TREASURY OFFICIALS WILLIAM EARLE AND TERRY
Cates may be the busiest bureaucrats in Washington. Along with a squad of seven examiners, they've finally dug out of an avalanche of paperwork that began more than a year ago. Their job? Processing applications from companies that want to register machine guns to sell to the public. Machine guns? That's right, and plenty of them.
The fat hit the fan last year when federal gun laws were revised, according to Earle, who heads the firearms and explosives division of the Bureau of Alcohol, Tobacco and Firearms.
"At one point, we had stacks of applications three feet high," adds Cates, who is the chief of the National Firearms Act branch of BATF. "But the paperwork is just about complete now."
For a long time, Americans didn't really want many machine guns. In 1934, Congress passed the National Firearms Act, which, among other things, put a $200 transfer tax on any sale or transfer of a machine gun. A handful of T-men licked the tax stamps and saw that Tommy guns and the like were registered. They didn't exactly burn out on the job.
Until spring of last year, in fact, only 122,000 automatic weapons had ever been registered. But in April and May of 1986, 100,000 registration applications for machine guns were filed with Earle, Cates and the folks at BATF -- about 50 years' worth in less than two months. What happened?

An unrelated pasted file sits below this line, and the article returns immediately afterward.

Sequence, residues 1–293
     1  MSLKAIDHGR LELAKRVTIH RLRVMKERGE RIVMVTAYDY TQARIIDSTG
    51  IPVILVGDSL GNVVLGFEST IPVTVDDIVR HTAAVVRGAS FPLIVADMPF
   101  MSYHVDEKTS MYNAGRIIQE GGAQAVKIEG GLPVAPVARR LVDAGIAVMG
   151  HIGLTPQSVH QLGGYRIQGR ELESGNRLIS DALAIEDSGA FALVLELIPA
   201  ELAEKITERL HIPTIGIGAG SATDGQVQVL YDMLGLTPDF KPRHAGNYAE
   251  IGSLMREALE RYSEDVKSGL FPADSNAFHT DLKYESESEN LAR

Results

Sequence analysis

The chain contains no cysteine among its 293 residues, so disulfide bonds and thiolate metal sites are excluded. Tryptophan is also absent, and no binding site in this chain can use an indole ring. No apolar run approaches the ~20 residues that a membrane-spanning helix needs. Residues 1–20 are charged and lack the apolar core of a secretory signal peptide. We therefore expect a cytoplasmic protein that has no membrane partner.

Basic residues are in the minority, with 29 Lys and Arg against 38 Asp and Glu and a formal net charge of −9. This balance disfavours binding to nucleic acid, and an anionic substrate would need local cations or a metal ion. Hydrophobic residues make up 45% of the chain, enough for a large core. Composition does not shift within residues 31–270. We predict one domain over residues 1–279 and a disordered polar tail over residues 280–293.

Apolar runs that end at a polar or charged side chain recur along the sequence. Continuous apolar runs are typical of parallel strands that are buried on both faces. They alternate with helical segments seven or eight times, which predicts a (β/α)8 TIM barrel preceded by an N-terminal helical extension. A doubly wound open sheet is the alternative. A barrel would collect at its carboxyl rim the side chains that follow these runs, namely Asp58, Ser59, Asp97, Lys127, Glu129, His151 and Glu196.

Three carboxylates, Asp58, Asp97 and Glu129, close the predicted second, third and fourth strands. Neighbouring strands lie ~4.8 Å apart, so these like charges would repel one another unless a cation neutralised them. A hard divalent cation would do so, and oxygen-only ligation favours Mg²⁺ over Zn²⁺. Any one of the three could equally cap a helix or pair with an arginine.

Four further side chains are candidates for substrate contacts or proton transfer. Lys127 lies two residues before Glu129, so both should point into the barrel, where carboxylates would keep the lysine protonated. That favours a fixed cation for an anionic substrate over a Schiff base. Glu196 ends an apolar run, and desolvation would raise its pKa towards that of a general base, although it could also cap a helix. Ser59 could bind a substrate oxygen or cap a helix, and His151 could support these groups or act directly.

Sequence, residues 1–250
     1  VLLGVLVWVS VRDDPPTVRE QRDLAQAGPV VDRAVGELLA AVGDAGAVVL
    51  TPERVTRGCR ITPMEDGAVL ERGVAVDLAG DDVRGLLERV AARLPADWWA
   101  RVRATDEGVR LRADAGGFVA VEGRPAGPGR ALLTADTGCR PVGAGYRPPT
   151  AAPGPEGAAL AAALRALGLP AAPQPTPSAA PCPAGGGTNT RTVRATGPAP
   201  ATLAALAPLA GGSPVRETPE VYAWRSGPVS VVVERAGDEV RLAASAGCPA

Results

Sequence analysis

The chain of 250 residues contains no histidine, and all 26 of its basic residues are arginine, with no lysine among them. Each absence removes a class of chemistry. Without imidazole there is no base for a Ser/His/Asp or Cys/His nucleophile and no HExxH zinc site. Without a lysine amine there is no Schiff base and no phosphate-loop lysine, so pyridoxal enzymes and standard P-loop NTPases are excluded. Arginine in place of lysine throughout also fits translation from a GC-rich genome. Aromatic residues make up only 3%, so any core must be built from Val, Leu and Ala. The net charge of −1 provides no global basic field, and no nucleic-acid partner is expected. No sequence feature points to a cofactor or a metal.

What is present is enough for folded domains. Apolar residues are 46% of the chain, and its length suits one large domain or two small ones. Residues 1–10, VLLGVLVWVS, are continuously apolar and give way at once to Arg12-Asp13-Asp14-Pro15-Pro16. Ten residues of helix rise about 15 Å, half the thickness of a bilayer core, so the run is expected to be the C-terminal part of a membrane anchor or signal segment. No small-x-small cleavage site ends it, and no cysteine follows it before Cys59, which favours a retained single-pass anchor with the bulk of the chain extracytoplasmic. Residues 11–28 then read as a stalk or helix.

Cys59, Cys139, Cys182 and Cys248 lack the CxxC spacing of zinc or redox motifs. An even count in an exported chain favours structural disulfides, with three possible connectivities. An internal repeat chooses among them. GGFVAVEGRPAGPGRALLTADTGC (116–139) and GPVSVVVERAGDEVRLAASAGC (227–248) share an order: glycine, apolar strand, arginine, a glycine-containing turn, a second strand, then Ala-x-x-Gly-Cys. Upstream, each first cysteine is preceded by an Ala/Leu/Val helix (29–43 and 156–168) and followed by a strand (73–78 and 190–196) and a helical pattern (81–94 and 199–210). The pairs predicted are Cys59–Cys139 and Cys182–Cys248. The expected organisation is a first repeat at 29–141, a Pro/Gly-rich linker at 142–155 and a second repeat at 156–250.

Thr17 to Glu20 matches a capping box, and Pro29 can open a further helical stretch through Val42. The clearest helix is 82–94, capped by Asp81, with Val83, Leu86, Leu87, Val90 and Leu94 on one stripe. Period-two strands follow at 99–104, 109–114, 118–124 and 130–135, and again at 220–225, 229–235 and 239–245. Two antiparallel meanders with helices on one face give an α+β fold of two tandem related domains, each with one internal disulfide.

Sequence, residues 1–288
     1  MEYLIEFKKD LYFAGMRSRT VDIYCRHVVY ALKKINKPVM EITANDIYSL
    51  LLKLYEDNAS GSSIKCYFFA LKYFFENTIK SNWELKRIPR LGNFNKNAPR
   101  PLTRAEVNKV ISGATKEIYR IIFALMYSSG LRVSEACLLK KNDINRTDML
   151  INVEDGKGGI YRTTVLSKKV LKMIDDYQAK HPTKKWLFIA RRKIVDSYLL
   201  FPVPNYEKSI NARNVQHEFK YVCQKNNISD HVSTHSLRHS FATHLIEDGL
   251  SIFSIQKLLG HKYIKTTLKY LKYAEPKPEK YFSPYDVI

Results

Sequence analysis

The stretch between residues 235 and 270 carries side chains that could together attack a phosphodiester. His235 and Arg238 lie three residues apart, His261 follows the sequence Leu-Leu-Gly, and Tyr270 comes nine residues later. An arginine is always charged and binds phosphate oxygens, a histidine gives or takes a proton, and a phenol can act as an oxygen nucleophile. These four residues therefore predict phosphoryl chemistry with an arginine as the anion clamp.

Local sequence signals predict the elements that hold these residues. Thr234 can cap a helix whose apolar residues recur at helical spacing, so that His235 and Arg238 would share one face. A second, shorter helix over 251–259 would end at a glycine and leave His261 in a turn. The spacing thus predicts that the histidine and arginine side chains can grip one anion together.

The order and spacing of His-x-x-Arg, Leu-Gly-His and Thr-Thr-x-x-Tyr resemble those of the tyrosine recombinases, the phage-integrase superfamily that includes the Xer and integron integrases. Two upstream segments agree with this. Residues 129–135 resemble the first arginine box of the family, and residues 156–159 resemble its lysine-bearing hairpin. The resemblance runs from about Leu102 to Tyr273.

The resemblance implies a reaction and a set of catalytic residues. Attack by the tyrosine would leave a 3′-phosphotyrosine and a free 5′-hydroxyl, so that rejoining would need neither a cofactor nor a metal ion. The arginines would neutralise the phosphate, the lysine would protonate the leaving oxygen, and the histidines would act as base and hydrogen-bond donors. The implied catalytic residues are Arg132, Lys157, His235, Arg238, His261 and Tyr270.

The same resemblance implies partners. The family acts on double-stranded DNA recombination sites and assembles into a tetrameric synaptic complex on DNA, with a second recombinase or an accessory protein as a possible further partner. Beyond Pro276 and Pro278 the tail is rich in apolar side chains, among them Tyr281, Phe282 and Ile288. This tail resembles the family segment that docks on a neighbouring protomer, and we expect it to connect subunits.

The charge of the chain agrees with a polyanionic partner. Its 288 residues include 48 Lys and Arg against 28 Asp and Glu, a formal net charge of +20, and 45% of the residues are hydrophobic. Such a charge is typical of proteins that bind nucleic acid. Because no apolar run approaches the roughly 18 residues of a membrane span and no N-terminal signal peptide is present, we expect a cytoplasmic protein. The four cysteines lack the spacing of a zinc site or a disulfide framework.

Popular interest in machine guns had apparently been growing, fueled by the Rambo movies and TV series like "Miami Vice." Survivalists and dope dealers seemed to favor them. So on April 10, 1986, Congress passed a bill making it illegal for John Q. Public to purchase newly manufactured machine guns. President Reagan didn't sign it into law, however, until May 19.
"That left a 'window' of about 40 days during which manufacturers could register machine guns still transferable to individuals," explains Earle. "Guns not restricted to export, military or police sales are more valuable, so manufacturers wanted to register as many as possible before the deadline."
Earle and Cates say about 40,000 applications eventually were disapproved for various reasons. But by this July, there were a total of 184,000 legally registered machine guns -- up a staggering 62,000 from the previous year. Had Congress shot itself in the foot?
"It's too soon to tell," says Earle. "The apparent intent of Congress was to freeze the number of machine guns available to the public, which has been done."
"On the other hand," interjects Cates, "guns last a long time."
He can say that again. In a recent issue of Shotgun News -- "The Trading Post for anything that shoots" -- an ad featured several non-restricted, fully functional Thompson submachine guns for sale. They were made in 1921.